During the past 25 years Florida and the Federal government have grappled with the issue of fraud in the Medicare/Medicaid system. In the past few years, Florida even expanded its law to include not only these types of fraud, but “health care fraud” generally.
Section 456.0635, Florida Statutes, prohibits fraud in the practice of health care professions. This law prohibits the Florida Department of Health and the medical boards within the DOH from allowing any person to sit for an examination, who has been:
- Convicted of, or enters a plea of guilty or nolo contendere to, regardless of adjudication, a felony under chapter 409, chapter 893, 21 U.S.C. ss. 801-970, or 42 U.S.C. ss. 1395-1396; or
- Terminated from any state Medicaid program or the federal Medicare program.
The DOH and the health care boards must refuse to issue or renew a license, certificate, or registration to an applicant, or person affiliated with that applicant, who has violated any of the same provisions. The law also requires that licensed health care practitioners shall report allegations of health care fraud to the department, regardless of the practice setting in which the alleged health care fraud occurred.
What I am noticing as an experienced health care attorney in Florida is that DOH and the professional boards are taking a hardline approach to any allegations of “health care fraud” and leveling serious penalties. Aside from an obvious scheme or scam by someone to actually defraud Medicare, Medicaid, or an insurance company many routine billing or reimbursement problems that are encountered by doctors and other health care professionals are mistakenly thought by government investigators to be health care fraud. Oftentimes, they are not.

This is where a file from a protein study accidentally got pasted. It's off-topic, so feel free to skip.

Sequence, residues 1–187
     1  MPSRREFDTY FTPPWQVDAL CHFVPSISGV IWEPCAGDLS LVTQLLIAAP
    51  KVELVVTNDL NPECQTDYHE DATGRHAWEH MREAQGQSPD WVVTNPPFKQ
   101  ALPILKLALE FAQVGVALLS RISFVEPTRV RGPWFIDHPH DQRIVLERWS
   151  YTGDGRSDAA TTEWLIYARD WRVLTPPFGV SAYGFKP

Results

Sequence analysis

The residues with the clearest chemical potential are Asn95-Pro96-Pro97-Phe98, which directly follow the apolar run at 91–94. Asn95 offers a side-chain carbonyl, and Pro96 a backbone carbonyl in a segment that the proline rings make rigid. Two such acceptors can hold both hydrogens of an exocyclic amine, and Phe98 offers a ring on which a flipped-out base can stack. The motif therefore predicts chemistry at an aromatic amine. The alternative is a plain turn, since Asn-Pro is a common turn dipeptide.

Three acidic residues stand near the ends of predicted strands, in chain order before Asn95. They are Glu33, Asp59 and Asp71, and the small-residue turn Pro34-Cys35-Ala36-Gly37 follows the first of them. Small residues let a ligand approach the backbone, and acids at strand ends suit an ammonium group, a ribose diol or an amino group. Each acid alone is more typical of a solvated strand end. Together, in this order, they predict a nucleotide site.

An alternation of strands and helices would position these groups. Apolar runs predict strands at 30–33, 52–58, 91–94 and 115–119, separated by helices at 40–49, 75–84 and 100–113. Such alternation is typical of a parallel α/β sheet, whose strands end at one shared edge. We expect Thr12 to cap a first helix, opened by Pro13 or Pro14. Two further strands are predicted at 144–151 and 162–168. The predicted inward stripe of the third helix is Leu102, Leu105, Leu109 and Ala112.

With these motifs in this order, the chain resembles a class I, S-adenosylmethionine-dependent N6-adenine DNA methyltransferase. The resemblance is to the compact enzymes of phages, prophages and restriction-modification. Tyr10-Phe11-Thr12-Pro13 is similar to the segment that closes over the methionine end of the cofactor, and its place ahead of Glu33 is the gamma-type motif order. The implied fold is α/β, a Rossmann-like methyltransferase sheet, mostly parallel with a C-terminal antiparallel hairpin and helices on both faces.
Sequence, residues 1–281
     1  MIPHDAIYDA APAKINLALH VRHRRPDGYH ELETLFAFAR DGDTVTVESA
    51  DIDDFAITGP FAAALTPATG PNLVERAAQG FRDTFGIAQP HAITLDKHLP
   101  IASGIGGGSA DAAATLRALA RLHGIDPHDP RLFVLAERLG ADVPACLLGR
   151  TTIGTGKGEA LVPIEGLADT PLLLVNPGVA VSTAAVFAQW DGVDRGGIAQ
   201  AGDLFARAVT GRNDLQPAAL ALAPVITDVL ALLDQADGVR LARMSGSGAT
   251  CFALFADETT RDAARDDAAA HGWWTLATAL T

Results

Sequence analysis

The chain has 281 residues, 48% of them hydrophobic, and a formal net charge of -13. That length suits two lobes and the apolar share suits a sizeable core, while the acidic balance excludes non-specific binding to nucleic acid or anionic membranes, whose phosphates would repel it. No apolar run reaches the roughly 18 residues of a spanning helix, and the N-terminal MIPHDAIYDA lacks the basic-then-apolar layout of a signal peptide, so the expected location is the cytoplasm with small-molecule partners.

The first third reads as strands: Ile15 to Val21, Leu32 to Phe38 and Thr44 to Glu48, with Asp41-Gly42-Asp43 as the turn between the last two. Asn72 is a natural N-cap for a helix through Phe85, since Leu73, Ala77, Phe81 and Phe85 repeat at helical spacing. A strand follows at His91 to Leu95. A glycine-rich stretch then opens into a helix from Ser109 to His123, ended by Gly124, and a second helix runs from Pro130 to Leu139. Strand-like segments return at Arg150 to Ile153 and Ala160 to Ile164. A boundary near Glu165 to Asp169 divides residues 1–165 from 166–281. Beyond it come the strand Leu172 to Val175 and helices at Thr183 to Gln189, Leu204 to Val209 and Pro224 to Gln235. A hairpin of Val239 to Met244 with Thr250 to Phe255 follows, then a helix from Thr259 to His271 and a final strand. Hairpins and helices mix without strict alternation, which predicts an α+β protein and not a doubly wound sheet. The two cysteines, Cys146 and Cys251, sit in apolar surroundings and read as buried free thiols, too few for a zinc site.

It cannot be overemphasized how important it is for a clinic to have an office manager or billing assistant who is up to date on the rules regarding billing and reimbursement. I often recommend to my client that they seek out a private Medicare/Medicaid/Insurance billing audit consultant who is up to date on the latest rules & regulations. Many of the problems a physician or licensed health care professional faces are directly traceable to the training his or her billing staff and office manager receives.
Just like a patient should seek a yearly check up, health care professionals should have their business practices reviewed annually. An ounce of prevention……the old saying goes….goes a long way.
If you have received an Administrative Complaint against you it is important to
seek experienced legal advice before proceeding. I represent licensed health
care professionals. More information can be found atwww.floridahealthcareattorney.com
Or contact me at 850-877-7776. The initial consultation is free.